Idea of the Day: Getting bearish on the pound

The outlook for the pound seems to be dimming again. Firstly, GBP has failed to stage a decent recovery on Monday even though the post-NFP dollar rally has faded and the buck is struggling.

What: The outlook for the pound seems to be dimming again. Firstly, GBP has failed to stage a decent recovery on Monday even though the post-NFP dollar rally has faded and the buck is struggling. Added to that, political woes are once more building. Some analysts are starting to worry that October’s Conservative Party conference could hold some sterling-negative surprises including a leadership challenge and more confusion on the government’s Brexit negotiating stance.

From a technical perspective, although GBP/USD managed to stay above key $1.30 support after Friday’s sell off, the recovery has been tepid and last week’s highs around 1.3445 seem like a long way off. The other thing that made us wary of a move to 1.35 and beyond in cable was the relatively narrow “rally”, with GBP/USD doing well, but the broader sterling index remaining close to its lowest levels since January. Unless sterling rallies across a broader range of currencies, then even if the dollar continues to weaken, upside in cable could be limited.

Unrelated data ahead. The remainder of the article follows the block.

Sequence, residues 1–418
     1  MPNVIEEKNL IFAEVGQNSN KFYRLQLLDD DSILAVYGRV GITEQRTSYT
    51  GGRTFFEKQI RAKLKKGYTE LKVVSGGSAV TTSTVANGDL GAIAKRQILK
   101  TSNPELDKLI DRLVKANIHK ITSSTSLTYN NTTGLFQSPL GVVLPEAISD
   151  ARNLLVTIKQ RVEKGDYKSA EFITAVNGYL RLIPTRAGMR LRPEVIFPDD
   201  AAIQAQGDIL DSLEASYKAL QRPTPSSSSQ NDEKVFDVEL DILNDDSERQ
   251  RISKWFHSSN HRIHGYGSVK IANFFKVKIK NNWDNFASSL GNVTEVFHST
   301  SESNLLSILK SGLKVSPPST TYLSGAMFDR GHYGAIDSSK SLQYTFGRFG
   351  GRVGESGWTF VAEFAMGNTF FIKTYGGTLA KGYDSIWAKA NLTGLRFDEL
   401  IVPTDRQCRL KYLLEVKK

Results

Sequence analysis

How: We would recommend waiting for a half-hearted GBP/USD rally before looking for this pair to fall further, at least in the short term. A move back to 1.3130-50, Friday’s highs, could trigger another sell-off. US CPI on Friday could also knock sterling off course if US price pressures show signs of building. Obviously some of the UK focused political risks could take a few months to materialise, but the Autumn could be a weak few months for sterling, and with event risk on the horizon it could limit interest in the pound in the coming weeks.

Another way to express a weak pound view is to look at the FTSE 100. The UK index has a negative correlation with the pound, as you can see in the chart below. So, when the pound tumbles this can be good news for UK blue chips.

Chart 1: 

Source: City Index and Bloomberg 


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